Not only does running an unbalanced blade cause vibration problems, but it can also cause spindle housing bearing damage and possible engine damage. Use a blade balancer to check your blade balance.
This is a relatively inexpensive tool that can save you from a larger expense due to blade damage. Read more about sharpening and balancing your zero-turn mower blades here.
Foreign Material around Your Zero Turn Blade Spindle
Wire, string or long weeds can get wrapped around the blade spindle, also known as the blade shaft. Check the spindle for foreign material and remove any that you find. Check for additional damage to the spindle housings.
Bad Zero Turn Spindle Housing Bearings
Bearings can go bad in your spindle housings from normal wear, unbalanced blades, or damage from blade impact. Bad bearings will cause blade movement that will cause a significant vibration when your deck is engaged.
With a good pair of thick work gloves, check for bad spindle bearings. Grab each end of the blade and rock the blade up and down. Listen for a knocking sound and feel for any movement.
If you notice either of these signs, disassemble your spindle housings and check for damage. Proceed with checking any other spindle housings.
You may be able to replace the bad bearing in your spindle housing. Depending on your zero-turn model, you may have to replace the whole spindle housing assembly. This may be because your manufacturer uses a spindle housing with a sealed bearing.
Zero Turn Pulleys
Bearings in your pulleys can wear and go bad on your zero-turn. This may cause a pulley to not sit flat and parallel to the deck.
When this happens, vibration is caused when your mower deck belt runs around the pulley that is not sitting securely on the deck. Check the bearing in each pulley to ensure it is good by slowly rotating the pulley by hand.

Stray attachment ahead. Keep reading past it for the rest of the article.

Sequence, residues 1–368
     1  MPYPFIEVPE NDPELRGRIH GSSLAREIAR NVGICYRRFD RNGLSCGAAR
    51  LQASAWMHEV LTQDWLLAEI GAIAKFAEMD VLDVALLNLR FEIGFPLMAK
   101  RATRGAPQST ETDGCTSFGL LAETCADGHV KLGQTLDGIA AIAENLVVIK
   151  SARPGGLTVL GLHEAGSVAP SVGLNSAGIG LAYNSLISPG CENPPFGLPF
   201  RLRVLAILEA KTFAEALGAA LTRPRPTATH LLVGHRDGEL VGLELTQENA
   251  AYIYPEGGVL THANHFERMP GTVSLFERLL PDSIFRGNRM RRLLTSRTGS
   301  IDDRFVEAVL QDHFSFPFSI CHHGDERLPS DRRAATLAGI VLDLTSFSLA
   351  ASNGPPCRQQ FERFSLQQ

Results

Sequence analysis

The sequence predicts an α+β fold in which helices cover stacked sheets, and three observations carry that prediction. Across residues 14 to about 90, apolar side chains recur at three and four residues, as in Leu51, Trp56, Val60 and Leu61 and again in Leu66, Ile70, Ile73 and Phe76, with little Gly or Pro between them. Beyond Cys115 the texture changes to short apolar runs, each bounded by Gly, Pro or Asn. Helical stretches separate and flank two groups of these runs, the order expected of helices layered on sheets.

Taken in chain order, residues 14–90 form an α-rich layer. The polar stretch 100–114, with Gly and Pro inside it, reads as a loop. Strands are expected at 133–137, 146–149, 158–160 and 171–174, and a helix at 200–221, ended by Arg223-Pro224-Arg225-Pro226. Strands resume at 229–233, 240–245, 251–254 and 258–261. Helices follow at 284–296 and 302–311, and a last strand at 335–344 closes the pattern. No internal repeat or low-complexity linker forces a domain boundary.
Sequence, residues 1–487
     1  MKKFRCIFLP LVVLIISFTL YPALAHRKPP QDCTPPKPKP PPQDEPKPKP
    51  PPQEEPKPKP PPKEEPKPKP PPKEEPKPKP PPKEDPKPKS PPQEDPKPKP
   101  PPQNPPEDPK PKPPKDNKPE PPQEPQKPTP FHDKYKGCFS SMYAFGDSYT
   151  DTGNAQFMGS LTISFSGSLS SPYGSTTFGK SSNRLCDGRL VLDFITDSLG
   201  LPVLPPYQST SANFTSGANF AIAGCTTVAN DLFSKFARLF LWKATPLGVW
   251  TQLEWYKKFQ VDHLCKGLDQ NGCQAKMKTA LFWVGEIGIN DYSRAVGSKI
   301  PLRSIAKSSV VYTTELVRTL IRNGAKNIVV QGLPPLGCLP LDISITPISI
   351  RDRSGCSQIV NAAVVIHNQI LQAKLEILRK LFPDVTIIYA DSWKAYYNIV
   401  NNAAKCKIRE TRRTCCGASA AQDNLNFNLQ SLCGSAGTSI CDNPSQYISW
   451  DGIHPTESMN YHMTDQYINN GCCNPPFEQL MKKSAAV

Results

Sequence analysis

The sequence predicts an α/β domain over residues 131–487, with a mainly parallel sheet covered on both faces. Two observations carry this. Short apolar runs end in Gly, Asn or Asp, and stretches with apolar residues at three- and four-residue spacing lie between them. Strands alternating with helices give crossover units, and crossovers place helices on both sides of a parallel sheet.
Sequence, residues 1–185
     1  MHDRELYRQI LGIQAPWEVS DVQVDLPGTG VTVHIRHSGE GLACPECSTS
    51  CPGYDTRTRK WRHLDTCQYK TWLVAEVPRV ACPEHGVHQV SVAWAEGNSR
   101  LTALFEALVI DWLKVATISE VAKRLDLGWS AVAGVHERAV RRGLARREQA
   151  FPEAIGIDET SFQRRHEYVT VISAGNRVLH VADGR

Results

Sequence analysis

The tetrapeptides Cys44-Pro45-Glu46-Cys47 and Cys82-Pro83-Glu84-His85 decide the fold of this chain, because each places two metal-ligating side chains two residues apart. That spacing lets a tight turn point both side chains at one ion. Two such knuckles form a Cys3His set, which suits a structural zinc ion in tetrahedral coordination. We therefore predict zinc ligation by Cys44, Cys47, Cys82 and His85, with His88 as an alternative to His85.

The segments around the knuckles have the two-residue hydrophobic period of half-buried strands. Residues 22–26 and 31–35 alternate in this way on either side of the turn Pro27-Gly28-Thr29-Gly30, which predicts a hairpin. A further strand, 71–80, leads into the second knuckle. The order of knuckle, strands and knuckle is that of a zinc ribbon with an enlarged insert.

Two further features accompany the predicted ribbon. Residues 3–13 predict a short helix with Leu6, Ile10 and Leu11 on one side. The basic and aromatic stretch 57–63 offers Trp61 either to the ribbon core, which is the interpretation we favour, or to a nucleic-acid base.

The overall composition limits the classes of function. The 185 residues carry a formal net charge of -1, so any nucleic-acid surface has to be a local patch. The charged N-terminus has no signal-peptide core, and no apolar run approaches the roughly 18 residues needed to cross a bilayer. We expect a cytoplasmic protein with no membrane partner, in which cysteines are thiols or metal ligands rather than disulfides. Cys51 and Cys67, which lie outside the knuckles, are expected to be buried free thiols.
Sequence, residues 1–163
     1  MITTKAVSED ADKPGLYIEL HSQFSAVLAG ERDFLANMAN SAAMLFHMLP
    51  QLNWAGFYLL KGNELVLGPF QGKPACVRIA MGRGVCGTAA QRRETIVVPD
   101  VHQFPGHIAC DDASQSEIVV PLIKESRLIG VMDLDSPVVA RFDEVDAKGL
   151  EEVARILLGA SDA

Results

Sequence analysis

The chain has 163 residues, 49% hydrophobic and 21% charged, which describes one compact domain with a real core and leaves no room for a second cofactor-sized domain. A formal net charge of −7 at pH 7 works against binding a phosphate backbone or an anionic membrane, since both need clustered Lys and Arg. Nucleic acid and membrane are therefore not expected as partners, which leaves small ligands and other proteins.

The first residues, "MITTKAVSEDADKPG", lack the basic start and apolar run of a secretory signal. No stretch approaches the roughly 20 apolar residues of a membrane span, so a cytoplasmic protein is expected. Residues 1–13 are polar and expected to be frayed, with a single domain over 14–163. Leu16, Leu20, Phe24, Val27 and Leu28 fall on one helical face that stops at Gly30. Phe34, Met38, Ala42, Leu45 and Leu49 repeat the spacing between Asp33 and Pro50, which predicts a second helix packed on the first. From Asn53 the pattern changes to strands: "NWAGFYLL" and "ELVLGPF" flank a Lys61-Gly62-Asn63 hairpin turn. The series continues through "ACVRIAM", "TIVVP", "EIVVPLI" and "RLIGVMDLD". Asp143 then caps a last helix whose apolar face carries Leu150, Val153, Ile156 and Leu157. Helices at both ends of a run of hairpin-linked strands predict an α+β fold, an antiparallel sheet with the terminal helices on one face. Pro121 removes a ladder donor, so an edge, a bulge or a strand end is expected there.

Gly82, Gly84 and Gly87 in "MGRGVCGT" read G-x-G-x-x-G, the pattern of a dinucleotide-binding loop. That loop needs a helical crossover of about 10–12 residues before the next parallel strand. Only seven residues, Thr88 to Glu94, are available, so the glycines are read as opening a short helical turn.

Feel for any resistance or bearing noise. Replace a pulley that has these symptoms or the pulley isn’t sitting securely on the deck and you notice extra movement.
Zero Turn Deck Belt, Idler Bracket and Tensioner Spring
When a belt is worn or stretched, it can have a lot of slack in it causing a vibration. Check your belt for signs of wearing including a glazed appearance, cracking, or shredding. Replace your belt with a new zero-turn deck belt when you find these conditions.
A worn idler bracket and tensioner spring can cause extra movement and vibration. The hole in the bracket can wear and become larger and the spring can become stretched, break or go missing.
Worn or Missing Components on Your Zero Turn
Parts can become worn or go missing causing components to not sit securely in place. Check over your zero-turn mower and deck for any missing or loose hardware. Tighten or replace parts to prevent your mower from rattling.
Debris Lodged in Your Zero Turn Mower
Even the smallest items can collect in your zero-turn and cause a vibration. It could be a small wood chip, stone, acorn, or another item that can lodge in your mower.
Check every spot on your mower including under your pulleys. Remove any extra items that have been collected in your mower.
Prevent vibration in your zero-turn by following these simple tips:
- Clean the dirt and debris from your zero-turn after each mowing.
- Regularly check, sharpen and install new blades when required. Check the bearings in your spindle housings and pulleys when changing your blades.
- Install correct and balanced mower blades.
- Check your mower periodically for loose or missing hardware.
Still Experience Problems with Your Zero Turn Mower?
Many different types of problems can develop in a zero-turn mower. It doesn’t matter what brand you own.
While some zero-turn mowers are built with stronger materials, bigger filters, better engines, and tougher spindle housings, they are all going to break down and cause problems at some time. Some may just not develop problems as quickly as others.
To help you find the causes of many zero-turn problems, I put together a guide with common zero-turn problems. In this guide you will find a list of causes and solutions for problems including zero-turn dying, smoking, vibrating, not starting, having cutting issues, and more.
Check out my guide at Common Zero Turn Mower Problems: How to Fix Them
If you still can’t find the solution to your problem or you don’t feel comfortable troubleshooting or repairing your mower, it is best to have an experienced mechanic check out your zero-turn.
You can visit your local dealership that provides repair support for your brand mower. You may also find a lawn mower repair shop with experienced small engine mechanics.